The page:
During the last years of my father's life he lived in Brittany, in a charming but somewhat run down French farmhouse which he had purchased on impulse two or three years prior, with the intention of doing some renovations and selling it on.
My father's name was Jess but the locals preferred to call him Mad English for a variety of reason which will become clearer later in this article. He was a touch eccentric and had absolutely no skills whatever that might be loosely termed as useful in renovating a farmhouse in Brittany.
Dad saw the advertisement in the Immobiliari's window in Morlaix and was hooked from the moment he saw the place. It consist of a familiar French layout, a two storey cottage with shutters and an attached longhouse with rooms which could be used as bedrooms. All the bathrooms were ghastly and the kitchen failed description but he was in love with it and with Brittany and had to have it. My mother had an immediate fit and told him there was no way on earth she was going to allow him to buy it.
The sale completed three months later and we all flown over to France on the ferry from Plymouth to Roscoff to view Dad's latest venture in property development.
The property was huge, thirteen acres of farm pasture divided into four massive fields, some of them full of horses. Nobody could tell us who owned the horses, only that they were not ours. (Well obviously.) A stream ran past the front of the house and a most attractive wood full of bluebells lined the edge of the adjacent field, making a sort of enclave.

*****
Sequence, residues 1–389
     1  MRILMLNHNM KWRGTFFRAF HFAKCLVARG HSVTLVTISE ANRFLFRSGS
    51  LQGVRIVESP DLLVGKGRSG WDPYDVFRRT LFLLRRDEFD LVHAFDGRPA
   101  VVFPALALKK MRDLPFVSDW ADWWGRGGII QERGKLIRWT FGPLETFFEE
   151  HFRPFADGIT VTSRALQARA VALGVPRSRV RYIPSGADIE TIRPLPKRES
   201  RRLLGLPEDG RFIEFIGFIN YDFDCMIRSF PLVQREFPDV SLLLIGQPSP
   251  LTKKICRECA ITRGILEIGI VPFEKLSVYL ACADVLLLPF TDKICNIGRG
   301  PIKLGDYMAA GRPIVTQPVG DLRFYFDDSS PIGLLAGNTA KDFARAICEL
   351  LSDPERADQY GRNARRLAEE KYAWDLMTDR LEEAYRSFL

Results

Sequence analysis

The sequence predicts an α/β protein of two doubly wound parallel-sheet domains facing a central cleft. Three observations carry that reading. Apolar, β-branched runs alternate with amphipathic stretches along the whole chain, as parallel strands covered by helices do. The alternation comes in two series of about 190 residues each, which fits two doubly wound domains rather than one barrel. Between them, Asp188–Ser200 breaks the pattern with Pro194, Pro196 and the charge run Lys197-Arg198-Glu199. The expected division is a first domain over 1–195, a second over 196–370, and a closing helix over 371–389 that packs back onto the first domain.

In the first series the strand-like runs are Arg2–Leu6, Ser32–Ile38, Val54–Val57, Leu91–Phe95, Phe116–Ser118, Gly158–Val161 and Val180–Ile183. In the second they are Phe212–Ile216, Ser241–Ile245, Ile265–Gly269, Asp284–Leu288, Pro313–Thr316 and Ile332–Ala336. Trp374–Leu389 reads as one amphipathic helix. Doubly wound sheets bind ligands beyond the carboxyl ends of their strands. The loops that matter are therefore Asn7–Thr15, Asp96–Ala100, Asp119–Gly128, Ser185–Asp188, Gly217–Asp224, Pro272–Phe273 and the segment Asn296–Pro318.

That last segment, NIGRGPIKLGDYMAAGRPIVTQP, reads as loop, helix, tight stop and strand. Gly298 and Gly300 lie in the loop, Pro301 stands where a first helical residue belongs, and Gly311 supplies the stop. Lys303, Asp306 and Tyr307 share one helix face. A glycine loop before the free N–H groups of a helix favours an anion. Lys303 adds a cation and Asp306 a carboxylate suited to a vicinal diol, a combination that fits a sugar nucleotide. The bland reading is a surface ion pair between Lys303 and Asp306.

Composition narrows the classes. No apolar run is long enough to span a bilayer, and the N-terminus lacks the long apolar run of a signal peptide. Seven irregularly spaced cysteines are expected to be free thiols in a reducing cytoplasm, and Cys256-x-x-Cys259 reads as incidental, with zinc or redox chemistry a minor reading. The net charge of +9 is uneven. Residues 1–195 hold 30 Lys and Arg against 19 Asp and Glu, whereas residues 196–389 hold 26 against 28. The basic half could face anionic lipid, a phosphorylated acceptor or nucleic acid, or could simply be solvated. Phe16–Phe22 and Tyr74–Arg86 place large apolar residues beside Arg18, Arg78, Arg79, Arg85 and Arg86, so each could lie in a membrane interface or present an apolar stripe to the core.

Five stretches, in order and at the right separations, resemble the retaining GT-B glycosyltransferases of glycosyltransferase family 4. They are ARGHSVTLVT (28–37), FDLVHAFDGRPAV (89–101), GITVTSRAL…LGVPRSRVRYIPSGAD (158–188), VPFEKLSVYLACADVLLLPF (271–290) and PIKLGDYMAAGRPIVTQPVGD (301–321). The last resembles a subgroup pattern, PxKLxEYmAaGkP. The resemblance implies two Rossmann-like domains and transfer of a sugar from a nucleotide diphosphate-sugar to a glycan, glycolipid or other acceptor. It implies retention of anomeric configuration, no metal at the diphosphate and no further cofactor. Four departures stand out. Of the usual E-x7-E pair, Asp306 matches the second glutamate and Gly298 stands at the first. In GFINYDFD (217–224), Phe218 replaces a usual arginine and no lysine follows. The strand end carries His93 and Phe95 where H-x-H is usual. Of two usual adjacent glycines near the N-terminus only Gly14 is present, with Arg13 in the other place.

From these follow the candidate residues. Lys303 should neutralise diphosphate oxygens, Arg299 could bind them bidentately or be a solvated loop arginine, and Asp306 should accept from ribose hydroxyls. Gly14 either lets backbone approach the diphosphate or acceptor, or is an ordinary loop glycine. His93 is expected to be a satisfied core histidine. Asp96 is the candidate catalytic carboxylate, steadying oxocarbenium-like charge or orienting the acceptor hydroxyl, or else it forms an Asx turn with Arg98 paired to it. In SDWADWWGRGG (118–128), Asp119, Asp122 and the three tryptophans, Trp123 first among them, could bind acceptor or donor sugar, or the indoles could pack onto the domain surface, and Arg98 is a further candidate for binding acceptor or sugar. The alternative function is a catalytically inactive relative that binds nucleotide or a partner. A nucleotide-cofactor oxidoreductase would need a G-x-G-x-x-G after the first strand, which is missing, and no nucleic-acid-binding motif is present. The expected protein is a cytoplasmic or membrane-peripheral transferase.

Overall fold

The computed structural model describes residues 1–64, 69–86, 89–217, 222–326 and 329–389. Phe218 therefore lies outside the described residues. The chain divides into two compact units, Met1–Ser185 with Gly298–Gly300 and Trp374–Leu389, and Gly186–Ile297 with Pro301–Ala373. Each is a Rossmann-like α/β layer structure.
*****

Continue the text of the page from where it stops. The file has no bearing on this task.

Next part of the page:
The plumbing was unspeakable and the fire smoked like the very devil. Jess was transported into rural delight every time he heard a moo or a baa and got on everyone's nerves and we were all pressed into slavery getting the place cleaned up. We stayed for some days but in the end we all had to leave him to it and return to school, jobs and home back in UK.
Left alone, Jess set about restoring his little kingdom with pleasurable enthusiasm. His routine was fixed in the early days and he seldom changed from it. I have not mentioned that Jess, among other things, was a car enthusiast and owned a rather splendid Rolls Royce, plus two Jaguars which he kept stored in the barn. Each morning Jess would climb into his roller, still wear his pajama trousers and an old woolly cardigan, a denim hat which he used to protect his thin scalp from sunburn, and a walking stick with a duck head for a handle. He wore tennis shoes to complete his ensemble, and off he would go to the Boulangerie to buy his bread for breakfast.
Breakfast was to Jess the most important and delicious meal of all and regarded by him as his kick kick start for the rest of the day. His approach to breakfast was enthusiastic and he enjoyed almost all breakfast foods, with the exception of muesli, which he thought was an aberration, along with the cuckoo clock and in his opinion the Swiss should be shot for inventing both.
The Rolls would rumble along the French country lanes, the sun roof open to the elements, Jess singing selections of Welsh choir music. Occidentally the car would start to kangaroo when Jess tapped his foot on the brake pedal in tempo with the music and he would stop outside the Boulangerie, tooting and waving to the passersby, most of whom smiled and washed back. Jess would return the same route, with his daily supply of bread adding to the collection of old breadcrumbs on the leather seat next to him and a French newspaper he could not read because he could not understand French, tucked into the door panel.